Reuters

Every kid has that moment when she realizes that the adults she admires aren’t perfect. Few children ever learn, however, that the same is true for the inventors and intellectual giants whose distinguished portraits permeate their history textbooks.   

As it turns out, recognizing that visionaries such as Albert Einstein experienced failure can actually help students perform better in school. In 2016, the cognitive-studies researcher Xiaodong Lin-Siegler of Columbia University’s Teachers College published a study that found that high-school students’ science grades improved after they learned about the personal and intellectual struggles of scientists including Einstein and Marie Curie. Students who only learned about the scientists’ achievements saw their grades decline.

On Monday, the Teachers College announced the creation of the interdisciplinary Education for Persistence and Innovation Center, which will be dedicated to studying failure’s educational purpose. Lin-Siegler, who’s overseeing the center, will expand on her own research into the failures of successful people, starting by interviewing Nobel laureates. The center will convene researchers from various academic fields and countries in its effort to better understand how failure can facilitate learning and success.

Research on failure as a motivator is limited, though the evidence that does exist suggests that students can grow both from learning about the failures of other successful people and from experiencing failure themselves. Crucially, for failure to “work,” research indicates that educators and parents need to encourage students to figure out what went wrong and try to improve. “Failure needs to give people a chance to regroup and rewind the clock,” Lin-Siegler explained. Her main goal, she said, is to help students realize that failure is a normal part of the process of learning.

The notion that struggle is key to success has become popular in education circles in recent years. As buzzwords like “grit” garnered attention, they also became controversial: Some psychologists and teachers assert that perseverance and passion are invaluable academic skills that can be learned by anyone, while others argue this emphasis on those values disregards the socioeconomic barriers that can hamper certain students’ achievement.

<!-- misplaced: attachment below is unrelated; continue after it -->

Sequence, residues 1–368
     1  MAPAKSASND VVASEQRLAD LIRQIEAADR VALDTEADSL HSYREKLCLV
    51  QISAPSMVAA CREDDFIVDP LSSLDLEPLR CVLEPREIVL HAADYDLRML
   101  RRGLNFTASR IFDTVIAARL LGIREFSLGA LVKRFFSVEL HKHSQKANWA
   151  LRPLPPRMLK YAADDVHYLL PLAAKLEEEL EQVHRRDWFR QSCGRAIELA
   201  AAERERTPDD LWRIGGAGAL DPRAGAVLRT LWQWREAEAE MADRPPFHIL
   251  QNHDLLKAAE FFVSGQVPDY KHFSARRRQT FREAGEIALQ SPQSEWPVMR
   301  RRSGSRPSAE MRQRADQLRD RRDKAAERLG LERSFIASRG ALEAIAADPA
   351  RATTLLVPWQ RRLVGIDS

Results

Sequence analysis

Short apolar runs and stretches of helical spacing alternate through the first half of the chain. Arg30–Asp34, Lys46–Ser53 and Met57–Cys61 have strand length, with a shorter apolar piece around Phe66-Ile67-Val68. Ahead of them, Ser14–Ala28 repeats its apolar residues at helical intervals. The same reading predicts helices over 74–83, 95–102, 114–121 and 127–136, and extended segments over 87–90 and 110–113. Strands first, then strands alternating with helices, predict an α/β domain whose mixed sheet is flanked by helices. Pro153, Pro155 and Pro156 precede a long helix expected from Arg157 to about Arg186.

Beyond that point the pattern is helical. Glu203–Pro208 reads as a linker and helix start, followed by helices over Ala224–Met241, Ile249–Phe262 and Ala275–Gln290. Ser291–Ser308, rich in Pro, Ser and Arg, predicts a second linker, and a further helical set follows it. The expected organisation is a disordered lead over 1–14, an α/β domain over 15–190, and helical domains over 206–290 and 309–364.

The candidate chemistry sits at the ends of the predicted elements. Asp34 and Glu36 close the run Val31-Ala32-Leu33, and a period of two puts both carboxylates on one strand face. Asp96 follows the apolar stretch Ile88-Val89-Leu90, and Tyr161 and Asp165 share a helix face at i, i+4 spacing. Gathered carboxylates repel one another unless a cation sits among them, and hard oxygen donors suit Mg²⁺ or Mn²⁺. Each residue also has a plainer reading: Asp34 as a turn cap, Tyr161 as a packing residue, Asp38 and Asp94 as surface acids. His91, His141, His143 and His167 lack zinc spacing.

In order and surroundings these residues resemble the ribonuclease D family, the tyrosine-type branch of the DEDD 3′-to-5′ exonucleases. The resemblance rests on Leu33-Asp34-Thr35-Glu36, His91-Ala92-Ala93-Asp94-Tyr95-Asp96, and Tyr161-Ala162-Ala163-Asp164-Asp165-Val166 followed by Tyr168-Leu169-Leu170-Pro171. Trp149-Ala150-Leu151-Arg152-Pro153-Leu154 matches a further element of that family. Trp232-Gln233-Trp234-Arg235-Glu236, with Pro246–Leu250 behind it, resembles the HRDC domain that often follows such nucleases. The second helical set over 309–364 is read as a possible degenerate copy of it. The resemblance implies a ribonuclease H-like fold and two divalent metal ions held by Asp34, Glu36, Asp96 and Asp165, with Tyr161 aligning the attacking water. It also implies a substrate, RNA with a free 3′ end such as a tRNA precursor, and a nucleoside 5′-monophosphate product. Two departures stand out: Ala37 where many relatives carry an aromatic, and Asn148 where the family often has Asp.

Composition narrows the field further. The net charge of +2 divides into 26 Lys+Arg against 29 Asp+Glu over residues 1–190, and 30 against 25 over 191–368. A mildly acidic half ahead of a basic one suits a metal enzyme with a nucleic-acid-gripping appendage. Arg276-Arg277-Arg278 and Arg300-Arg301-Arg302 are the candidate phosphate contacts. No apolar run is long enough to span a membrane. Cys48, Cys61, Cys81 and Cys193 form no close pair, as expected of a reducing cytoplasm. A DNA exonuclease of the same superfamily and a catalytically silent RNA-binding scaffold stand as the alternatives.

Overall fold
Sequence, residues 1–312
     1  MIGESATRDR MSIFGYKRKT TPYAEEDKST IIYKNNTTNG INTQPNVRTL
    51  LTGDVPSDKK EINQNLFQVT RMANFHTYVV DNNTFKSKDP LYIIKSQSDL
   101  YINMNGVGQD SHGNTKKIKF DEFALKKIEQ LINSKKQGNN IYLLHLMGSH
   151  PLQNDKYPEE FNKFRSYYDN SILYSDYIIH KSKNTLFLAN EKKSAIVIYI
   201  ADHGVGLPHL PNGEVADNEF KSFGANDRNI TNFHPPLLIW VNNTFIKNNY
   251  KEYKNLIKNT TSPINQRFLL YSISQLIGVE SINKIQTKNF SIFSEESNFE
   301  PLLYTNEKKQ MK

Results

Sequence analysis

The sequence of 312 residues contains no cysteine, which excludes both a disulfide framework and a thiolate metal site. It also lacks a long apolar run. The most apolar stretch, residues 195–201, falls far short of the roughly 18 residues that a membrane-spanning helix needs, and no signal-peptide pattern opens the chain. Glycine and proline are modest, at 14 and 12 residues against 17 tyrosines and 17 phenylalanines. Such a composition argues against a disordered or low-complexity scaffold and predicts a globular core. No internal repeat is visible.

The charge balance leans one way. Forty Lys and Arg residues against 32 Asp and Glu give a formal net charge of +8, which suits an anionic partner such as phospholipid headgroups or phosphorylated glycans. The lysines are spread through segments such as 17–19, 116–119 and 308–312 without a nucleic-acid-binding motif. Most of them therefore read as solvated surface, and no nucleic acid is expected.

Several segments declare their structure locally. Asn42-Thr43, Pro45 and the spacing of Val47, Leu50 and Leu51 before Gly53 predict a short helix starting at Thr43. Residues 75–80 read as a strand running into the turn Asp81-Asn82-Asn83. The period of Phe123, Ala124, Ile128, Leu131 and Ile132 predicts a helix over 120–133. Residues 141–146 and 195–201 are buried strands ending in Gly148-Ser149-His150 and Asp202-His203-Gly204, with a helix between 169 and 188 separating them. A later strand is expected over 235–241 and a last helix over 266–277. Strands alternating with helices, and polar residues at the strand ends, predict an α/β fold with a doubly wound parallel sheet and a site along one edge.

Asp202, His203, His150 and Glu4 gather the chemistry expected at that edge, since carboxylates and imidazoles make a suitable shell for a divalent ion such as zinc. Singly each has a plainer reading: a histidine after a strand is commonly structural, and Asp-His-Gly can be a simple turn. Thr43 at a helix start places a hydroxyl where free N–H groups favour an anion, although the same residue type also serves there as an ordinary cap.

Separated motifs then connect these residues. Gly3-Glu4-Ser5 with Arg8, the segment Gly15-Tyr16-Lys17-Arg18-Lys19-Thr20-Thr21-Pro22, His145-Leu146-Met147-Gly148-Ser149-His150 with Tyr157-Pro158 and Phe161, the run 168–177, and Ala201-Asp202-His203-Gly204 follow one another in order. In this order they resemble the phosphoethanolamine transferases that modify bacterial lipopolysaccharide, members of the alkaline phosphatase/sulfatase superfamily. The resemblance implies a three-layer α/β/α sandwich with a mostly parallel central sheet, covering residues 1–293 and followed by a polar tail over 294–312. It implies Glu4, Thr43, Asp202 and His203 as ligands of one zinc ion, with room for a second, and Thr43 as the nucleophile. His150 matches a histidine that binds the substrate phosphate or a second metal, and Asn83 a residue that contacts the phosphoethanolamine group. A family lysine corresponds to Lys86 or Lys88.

But Lin-Siegler’s research adds a different dimension to the debate, suggesting that there is a much simpler problem at hand: Many kids today see failure as inherently bad, and success as beyond their reach. Her 2016 study, which tested more than 400 ninth- and 10th-graders at four low-income New York City schools, found that many of the kids viewed success as a result of some kind of natural aptitude that they simply didn’t have. The students didn’t tend to think of famous scientists like Albert Einstein as actual, imperfect people like themselves—students who didn’t learn about the scientists’ struggles were more likely to say that those scientists had innate talent and aptitude which separated them from everyone else. This mentality has been shown to be particularly detrimental to students in STEM fields, where droves of kids who originally seemed interested end up dropping out after they struggle in a class or fail a test.

Lin-Siegler emphasized how widespread misconceptions about success and failure can be, citing her personal experiences. Growing up in a remote village in China, she didn’t even attend school for part of her childhood. She eventually became a tenured professor at Columbia, an accomplishment that dazzled friends and family back home who interpreted her success strictly as the outcome of her intelligence. They didn’t know, she said, that one of her studies was rejected by five academic journals before getting published.

Of course, the value of failure can vary depending on the nature of the task—and the center will explore how educational institutions can navigate those nuances. For example, researchers will investigate strategies for helping medical students think about failure given that, for them, failure can mean another person’s death. Lin-Siegler hopes such strategies will empower medical students to fail in smaller ways, for example, and to decide if and when the medical profession isn’t right for them.  

Failure’s value is something of a tough sell in an education system in which the emphasis on test scores puts teachers under immense pressure to prioritize getting things right, right away. “To let kids fail,” Lin-Siegler acknowledged, “is a really hard thing [for teachers] to do.”

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